Papyri and the Social World of the New Testament

But this definition might be too limiting for a Galilean trade person.

A shortage of trees, hence lacking of wood in Palestine, raises questions about what exactly did he work with?

Carpenter Building a Roof

Unlike Canada and the US, where most buildings are built from wood. Not Galilee, stones or brick, with wood rafters, was much more common.

In fact, most buildings are still currently not constructed of wood in the middle east. Some things never change.

Making it possible that Jesus was a mason, not a wood carpenter.

Robby Gallaty, in his book The Forgotten Jesus, lays out the following reasons to think more of Jesus as a mason than a carpenter.

  • Majority of Homes in Jesus’ region were made from stones
  • Few trees in Galilee
  • Sepphoris (Hebrew, Zippori), about 4 miles from Nazareth, under Herod Antipas, was involved in a massive building works project. Requiring much labour during the life of Jesus.
  • Between Sepphoris and Nazareth was a huge rock quarry.

All valid arguments.

Not historical, but even modern carpenters can include framers, finishers, cribbers, and at time drywaller. Many even playing the role of General Contractors, all while identifying as a “carpenter”. It is entirely possible that in Jesus’ time, the title was also broad in definition and application.

Is “Naggar” the Aramaic Equivalent of Carpenter?

I guess now is a good time to discuss the Aramaic equivalent.

Geza Vermes writes in Jesus the Jew that in the Talmudic, Nagger is the word to describe a carpenter or craftsman. But also implies that the person was a learned man. Speaking more of Jesus’ ability to envision complex thoughts, etc.

I do like the compliment to Jesus’ intelligence and carpenters in general.

But I do disagree with the interpretation.

In both our stories, they use the term carpenter more as an insult. How could a simple carpenter come up with such ideas and speak in such a way?

Not this man is intelligent and has training in complex thought. Therefore it just makes sense that he knows this stuff.

That being said, Vermes is much more learned on this matter and may understand something I don’t.

But for now, I am going to think of Jesus working as a simple tradesperson. He might have been smart, but still spent his days toiling with his hands.

Opportunity for Jesus to work as a Carpenter.

Jesus’ hometown placed him in an ideal location to work as a carpenter, either wood or stone.

Herod Antipas was involved in many building projects trying to advance his claim to kingship. Like his father, Herod the Great spent enormous amounts of resources on building projects. One was rebuilding Sepporis to become a centre of trade in Galilee and a “the ornament of Galilee.”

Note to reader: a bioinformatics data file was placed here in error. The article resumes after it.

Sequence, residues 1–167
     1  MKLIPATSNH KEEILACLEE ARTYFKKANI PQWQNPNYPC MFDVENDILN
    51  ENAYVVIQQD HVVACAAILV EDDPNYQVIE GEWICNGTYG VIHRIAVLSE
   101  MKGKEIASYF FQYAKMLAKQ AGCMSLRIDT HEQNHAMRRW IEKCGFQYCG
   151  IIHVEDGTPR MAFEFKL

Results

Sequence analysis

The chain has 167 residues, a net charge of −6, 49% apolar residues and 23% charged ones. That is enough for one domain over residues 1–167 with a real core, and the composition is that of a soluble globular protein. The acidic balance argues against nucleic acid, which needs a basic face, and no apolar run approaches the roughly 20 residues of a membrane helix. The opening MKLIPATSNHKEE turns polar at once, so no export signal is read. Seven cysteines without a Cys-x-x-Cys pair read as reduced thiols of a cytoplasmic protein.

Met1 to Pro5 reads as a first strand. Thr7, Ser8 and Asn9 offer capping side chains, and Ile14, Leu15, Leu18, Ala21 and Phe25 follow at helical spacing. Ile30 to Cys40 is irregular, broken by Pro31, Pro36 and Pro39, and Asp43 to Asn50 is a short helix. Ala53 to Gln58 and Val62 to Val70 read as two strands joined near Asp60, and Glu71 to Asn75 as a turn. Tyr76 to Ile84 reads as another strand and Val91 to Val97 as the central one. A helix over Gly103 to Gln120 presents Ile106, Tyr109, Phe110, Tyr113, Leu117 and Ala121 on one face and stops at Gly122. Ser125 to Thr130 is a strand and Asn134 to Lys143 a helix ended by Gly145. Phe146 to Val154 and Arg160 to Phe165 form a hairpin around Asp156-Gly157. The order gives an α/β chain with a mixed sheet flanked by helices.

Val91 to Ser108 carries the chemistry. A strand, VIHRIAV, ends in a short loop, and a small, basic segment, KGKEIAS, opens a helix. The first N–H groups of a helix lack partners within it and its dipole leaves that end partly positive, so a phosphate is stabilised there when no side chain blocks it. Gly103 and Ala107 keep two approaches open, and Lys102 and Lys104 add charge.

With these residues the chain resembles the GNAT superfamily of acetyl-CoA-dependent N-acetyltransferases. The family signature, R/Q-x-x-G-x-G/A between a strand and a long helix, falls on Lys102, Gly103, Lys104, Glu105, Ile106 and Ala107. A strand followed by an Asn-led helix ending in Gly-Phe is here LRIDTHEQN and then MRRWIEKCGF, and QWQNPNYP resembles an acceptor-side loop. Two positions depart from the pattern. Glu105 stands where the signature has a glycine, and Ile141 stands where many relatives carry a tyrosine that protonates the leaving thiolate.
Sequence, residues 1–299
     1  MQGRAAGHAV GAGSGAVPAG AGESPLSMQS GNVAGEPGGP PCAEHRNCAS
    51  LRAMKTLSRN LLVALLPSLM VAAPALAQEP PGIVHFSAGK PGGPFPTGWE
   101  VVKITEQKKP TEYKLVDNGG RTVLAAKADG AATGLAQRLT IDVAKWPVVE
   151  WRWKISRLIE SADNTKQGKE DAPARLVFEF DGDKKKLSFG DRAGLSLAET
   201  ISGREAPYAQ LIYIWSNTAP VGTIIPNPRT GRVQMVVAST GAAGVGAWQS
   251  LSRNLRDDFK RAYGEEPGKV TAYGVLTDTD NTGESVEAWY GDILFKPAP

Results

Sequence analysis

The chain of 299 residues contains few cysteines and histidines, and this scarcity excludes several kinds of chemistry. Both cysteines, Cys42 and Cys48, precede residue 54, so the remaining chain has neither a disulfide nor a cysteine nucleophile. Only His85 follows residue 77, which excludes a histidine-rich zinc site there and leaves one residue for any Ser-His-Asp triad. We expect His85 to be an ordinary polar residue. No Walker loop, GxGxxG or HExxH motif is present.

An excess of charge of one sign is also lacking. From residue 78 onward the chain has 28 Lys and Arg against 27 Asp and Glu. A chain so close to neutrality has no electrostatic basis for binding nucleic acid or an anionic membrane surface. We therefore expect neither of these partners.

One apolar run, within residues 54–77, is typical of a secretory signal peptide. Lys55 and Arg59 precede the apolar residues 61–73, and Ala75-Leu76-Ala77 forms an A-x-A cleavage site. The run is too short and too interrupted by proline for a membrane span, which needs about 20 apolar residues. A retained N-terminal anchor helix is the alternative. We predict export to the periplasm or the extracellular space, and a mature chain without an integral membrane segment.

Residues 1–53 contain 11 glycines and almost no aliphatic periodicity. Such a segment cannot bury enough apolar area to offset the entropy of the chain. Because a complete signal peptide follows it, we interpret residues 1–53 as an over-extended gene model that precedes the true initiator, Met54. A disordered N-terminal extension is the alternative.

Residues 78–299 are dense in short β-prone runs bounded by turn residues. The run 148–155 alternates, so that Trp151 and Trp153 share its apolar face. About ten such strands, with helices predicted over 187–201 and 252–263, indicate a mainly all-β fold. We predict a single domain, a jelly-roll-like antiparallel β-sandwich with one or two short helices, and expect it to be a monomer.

Sepphoris had been destroyed in 4 BCE during a rebellion that shortly followed Herod the Great’s death.

Such an undertaking would require much labour, in particular, skilled craftsmen to build theatres, bathhouses along with many governments building to serve as the new capital of Antipas’ kingdom.

Stone Works

Joseph and Jesus living only 4 miles away, roughly an hour and a half walk. They could easily walk to Sepphoris for work. Not likely, but easily could make the commute daily, as many of us do for work. More likely, they would have stayed in Sepphoris during a building project and then bringing their earning back to Nazareth.

Social Status and Income Level of First Century Palestine Carpenters

As a carpenter, it is possible that Jesus would have been a respected member of society.

“Carpenters were artisans, not peasants, and many assign them to the upper ten percent of non aristocratic Galilean society”

Craig S. Keener

As Keener places them near the top of social status. At least compared to peasants who worked the land as subsistence farming. Based off Hengel and Freyne’s research.

Huebner in Papyri and the Social World of the New Testament, estimates that a carpenter could earn 50 denarii a month, twice as much as a shepherd or other “unskilled” labours.

He wasn’t rich, but comparatively, he could be doing okay.

In the feeding of the 5000, 200 hundred denarii is Phillip’s estimate of what it would cost to feed the crowd a small snack. (Mark 6:37, John 6:7)

So, making 50 is not setting you up for life, but compared to many of his neighbours. He earned a little more for the “finer” things in life.

But do keep in mind, Jesus’ community used his job to raise doubt about his learning and education.